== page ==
High idle and constant up and down idle on my 94 civic ex?

Okay so im learning lots about Honda's, i have rebuilt motors and put them but i cant seem to figure out my own motor!! My car idles really rough, it sounds like a vacuum leak but i cant figure it out. It has a constant up and down idle between 1,200 and 2,000 rpms. Its beyond annoying and i have had enough with it! i changed the map sensor, Tps sensor, and the IACV sensor. Made sure my intake and intake mani were all on tight and all that good stuff but i just cant figure it out. And its weird cause after i changed the map sensor the idling was fine for a day then started again. But now it only rough idles like that every once in awhile. Im at a major loss! Any ideas would be much appreciated! Thanks!

8 Answers

  • 9 years ago
    Favorite Answer

    very common problem on older hondas. The idle is regulated by an Idle Air Control Valve. It is essentially a plunger that moves in and out of an idle bypass passage in the throttle body to keep the idle even by regulating the amount of air that goes around the throttle plates when they are closed.

    over time the passage gets clogged with carbon (think of soot in a chimney). that carbon does one of two things. it either blocks the air flow through the passage in which case the engine starts to 'gasp' for air (the surging up and down) or the carbon clogs the plunger so that it sticks in the 'passage closed' position. the same effect for both--an unregulated idle. If you've changed the IACV then it sounds like you have the clogged passage.

    there is a 'hole' in the side of the throttle body wall on the air filter side before the throttle plates. take the air bellows off and you'll see it about half-way up the side. that is the bypass port. to clean it you'll need to take the throttle body off (or the IACV off) and spray carburetor cleaner (or throttle body cleaner--they are the same thing with different labels) into the port so that it runs out through the IACV port. if you take the throttle body off you can clean the port from the IACV to the intake as well by spraying in the second of the IACV ports.

    this assumes that the connector on the IACV is good and that the valve is not electrically dead.

    cleaning the port will in all likelyhood solve your problem. be sure to clean the throttle plates while you've got the opportunity.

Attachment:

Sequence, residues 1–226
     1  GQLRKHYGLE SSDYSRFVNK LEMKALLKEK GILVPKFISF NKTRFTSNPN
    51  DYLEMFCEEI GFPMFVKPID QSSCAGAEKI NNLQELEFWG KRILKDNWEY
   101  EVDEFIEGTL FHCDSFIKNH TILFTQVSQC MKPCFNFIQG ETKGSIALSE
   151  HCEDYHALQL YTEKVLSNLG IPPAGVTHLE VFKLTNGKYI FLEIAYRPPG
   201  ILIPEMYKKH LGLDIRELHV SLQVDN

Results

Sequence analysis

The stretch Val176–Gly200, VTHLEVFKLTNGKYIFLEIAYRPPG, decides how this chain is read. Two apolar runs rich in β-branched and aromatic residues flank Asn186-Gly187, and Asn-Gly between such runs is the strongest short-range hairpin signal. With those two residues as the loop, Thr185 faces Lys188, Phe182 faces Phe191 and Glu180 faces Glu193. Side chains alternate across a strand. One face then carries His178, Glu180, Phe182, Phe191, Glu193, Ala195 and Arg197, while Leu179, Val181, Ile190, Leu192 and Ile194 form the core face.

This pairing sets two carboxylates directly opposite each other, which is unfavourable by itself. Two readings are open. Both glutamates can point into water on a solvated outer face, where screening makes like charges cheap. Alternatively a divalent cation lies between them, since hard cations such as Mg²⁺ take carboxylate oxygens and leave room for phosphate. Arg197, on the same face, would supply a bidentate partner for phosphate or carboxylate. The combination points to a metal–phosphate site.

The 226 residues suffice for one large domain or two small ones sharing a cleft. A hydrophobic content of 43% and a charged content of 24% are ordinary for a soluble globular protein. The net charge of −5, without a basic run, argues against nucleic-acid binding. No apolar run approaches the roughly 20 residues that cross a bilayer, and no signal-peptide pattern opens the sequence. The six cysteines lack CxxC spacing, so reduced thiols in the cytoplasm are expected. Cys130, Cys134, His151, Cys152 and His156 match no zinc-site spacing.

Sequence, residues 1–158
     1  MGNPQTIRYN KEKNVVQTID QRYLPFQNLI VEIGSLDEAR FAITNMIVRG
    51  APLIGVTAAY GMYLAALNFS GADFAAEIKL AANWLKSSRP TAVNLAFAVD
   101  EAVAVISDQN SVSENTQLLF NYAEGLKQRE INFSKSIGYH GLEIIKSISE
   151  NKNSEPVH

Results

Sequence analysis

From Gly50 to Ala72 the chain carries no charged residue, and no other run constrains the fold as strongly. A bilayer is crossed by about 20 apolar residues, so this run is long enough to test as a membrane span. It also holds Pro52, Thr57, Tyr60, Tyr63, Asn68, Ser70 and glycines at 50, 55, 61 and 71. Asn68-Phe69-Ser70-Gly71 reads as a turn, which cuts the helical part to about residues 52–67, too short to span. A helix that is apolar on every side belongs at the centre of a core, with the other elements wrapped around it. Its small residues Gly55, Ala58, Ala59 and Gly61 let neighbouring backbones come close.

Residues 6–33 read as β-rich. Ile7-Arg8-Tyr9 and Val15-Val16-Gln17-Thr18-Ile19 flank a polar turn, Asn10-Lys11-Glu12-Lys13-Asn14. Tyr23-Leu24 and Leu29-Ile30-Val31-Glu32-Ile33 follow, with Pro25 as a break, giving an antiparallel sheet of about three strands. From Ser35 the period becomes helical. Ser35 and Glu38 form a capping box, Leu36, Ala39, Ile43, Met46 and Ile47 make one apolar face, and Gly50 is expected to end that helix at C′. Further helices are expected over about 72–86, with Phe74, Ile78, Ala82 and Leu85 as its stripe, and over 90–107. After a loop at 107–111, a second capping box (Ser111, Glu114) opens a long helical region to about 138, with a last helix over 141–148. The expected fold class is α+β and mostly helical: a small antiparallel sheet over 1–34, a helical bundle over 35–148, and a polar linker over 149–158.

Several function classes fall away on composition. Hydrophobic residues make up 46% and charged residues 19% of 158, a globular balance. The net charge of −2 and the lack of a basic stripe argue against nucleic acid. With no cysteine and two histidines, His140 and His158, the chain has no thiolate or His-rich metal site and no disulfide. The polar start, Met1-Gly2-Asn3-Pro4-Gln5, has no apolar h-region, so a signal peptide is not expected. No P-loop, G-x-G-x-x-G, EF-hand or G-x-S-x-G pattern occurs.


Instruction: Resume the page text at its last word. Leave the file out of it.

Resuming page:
hope that helps

  • 9 years ago

    Idle hunting is a favorite hobby of older Hondas. The most common reason is a bubble in the coolant. The Fast Idle Thermo Valve is open when cold, letting more air in. (Honda uses a MAP sensor so a vacuum leak ahead of the manifold is identical to opening the throttle.) When the coolant is not purged after a fill hot coolant does not reach the FITV at normal idle speeds so it opens, raises the idle, which gets hot coolant to the valve and closes it, with the cycle repeating every few seconds. You purge the coolant by opening the nipple (looks like an oversize brake bleed nipple) on one of the radiator hose housings on the engine about half a turn, then closing it when a steady stream of coolant comes out.

    A much more troublesome cause of idle hunting is mixture hunting. Rather than the lazy revving of a bubble, mixture hunting is abrupt. Every couple seconds it goes from very high rpm (3000 rpm is not unusual) to a near stall for a fraction of a second, then jumps back up, like clockwork. It is caused by uneven mixture from one cylinder to another, with a leaky intake manifold gasket being the usual culprit. Because of the MAP sensor you can't find the leak with carburetor cleaner or the like - if it responds at all it is only to slightly lower rpm.

    No coil packs on your 1994, of course - just one coil and a distributor.

    Source(s): 35 years maintaining my own cars, including 10 years with a 1993 Accord
  • 4 years ago

    Honda Civic Map Sensor

  • 4 years ago

    94 Civic Ex

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  • 9 years ago

    Have you checked your ignition coil pack.

    If one of the coils has failed you will be running on 3 cylinders causing the ecu to adjust air/petrol ratio to compensate for the failed coil.

    I know this will sound really stupid,but have you checked your air filter incase it isn't sitting flush in the

    filter housing,My car did the same thing and it was a paper thin space around the filter causing it to suck in more air.

    last and not least,have you checked incase any of your new sensors are not clipped correctly in and when you go over bumps or rough roads it makes a connection and the car runs smooth.

  • the rough idle and everything else tells me that you have a vacuum leak. use a spray or even an unlit torch to find the leak.

  • 9 years ago

    Mine did this, it was the IACV

  • 7 years ago

    sounds real pro!

    unlike others!

    keep it up

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